• Is the belt firmly fastened to the pants?
  • Are the pant cuffs neat?
  • Is the hat crown up?
  • Is the head straight on the shoulders?
  • Is the fur brushed generously?

4. A private dressing room is necessary for putting on and taking off the costume.

5. The costumed Bear should not force itself on anyone. Do not walk rapidly toward small children.

Wow. That’s a lot of rules for putting on a lousy bear suit, but I guess the US Forest Service goes a long way towards protecting Smokey’s image. Which means they probably wouldn’t be too happy at this Photochop job:


Like Billy Bob Thornton’s “Bad Santa“, I call my creation “Bad Smokey”. But at least his fur is brushed generously.

The dangers of alcohol

Saturday, March 17th, 2007

Forward: this weekend is St. Patrick’s day, a holiday celebrated by Irish and Non-Irish alike with the traditional drinkin’ o’the beer. For the benefit of those who might overindulge this weekend, here’s a cautionary tale in the form of a news item from the Wind In The Wire “what were they thinking?” department:

A flying leap from a Bahamas-bound vessel into the Atlantic Ocean resulted in a collapsed lung and hypothermia for a 35-year-old Orlando man. Michael Mankamyer was spotted taking a running leap off the Carnival cruise ship, “Glory” by a fellow passenger shortly before 1 a.m. Friday. The witness added that he (Mankamyer) was quite intoxicated at the time.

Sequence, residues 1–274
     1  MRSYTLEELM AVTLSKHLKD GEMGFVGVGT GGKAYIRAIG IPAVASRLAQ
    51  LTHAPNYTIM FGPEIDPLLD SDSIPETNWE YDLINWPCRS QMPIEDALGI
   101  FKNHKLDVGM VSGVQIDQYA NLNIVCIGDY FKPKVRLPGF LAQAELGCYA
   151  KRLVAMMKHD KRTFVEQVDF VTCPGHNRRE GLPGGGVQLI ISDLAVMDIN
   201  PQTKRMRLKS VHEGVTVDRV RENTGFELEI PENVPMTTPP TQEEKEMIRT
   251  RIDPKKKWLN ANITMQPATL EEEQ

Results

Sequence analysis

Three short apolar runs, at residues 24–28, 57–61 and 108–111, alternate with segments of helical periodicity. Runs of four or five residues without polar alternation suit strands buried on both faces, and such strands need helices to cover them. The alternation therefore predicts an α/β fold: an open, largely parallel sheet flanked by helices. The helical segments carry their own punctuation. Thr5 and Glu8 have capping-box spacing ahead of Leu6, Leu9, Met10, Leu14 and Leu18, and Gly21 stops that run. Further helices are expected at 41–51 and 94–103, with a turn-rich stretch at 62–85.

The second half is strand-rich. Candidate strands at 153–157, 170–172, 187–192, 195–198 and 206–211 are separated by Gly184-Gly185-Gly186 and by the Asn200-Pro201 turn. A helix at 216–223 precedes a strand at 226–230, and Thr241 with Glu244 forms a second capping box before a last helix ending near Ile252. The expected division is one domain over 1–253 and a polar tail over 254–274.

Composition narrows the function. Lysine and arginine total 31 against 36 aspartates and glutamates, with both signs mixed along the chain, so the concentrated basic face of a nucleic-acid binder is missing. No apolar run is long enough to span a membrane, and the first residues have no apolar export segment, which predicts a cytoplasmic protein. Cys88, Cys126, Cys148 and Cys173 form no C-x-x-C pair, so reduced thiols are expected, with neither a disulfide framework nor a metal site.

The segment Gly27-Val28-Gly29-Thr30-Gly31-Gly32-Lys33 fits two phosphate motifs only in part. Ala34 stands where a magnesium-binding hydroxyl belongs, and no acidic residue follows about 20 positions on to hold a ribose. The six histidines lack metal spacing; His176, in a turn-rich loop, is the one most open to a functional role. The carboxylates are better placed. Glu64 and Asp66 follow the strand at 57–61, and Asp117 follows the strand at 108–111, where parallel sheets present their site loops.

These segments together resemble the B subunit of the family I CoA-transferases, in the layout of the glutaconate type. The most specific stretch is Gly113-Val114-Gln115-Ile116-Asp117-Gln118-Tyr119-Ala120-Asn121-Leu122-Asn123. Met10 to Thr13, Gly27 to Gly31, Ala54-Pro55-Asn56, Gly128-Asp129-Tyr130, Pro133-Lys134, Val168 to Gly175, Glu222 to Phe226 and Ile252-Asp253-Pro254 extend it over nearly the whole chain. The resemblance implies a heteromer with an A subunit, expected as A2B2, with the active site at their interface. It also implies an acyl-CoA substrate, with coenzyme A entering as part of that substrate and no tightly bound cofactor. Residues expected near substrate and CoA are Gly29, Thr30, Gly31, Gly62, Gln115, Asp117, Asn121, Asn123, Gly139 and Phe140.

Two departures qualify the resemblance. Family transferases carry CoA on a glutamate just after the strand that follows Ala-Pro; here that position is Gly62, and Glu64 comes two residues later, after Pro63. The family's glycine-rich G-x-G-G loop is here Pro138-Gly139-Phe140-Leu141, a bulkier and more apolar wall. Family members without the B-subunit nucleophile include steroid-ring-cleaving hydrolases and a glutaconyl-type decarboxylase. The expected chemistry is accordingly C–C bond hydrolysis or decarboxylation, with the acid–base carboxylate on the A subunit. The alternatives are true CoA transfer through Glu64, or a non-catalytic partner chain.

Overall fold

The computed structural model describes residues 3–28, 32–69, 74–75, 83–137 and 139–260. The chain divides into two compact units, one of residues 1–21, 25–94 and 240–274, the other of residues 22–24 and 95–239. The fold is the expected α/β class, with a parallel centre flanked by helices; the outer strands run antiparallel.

The Glory and another cruise ship in the area joined the Coast Guard cutter “Vigorous” and two helicopters in searching the water for the man. After cooperating with the Coast Guard, the cruise ship resumed its journey about 4 AM. The cutter continued searching, and found Mankamyer around 8:45 AM. Officials say he had drifted 15 miles north during his eight hours at sea, somehow managing to remain afloat.

About 3,400 passengers and crew were aboard the ship, including at least one traveling companion of Mankamyer. It was on a seven-day trip from Florida to the Bahamas that began last Saturday. Following his rescue, Mankamyer refused to speak with reporters.

###

The fact that this story involves alcohol does not surprise me. What does surprise me is that Mankamyer was not a college student on spring break.

Happy St. Patrick’s Day!

(Story/photo credit: Miami Herald)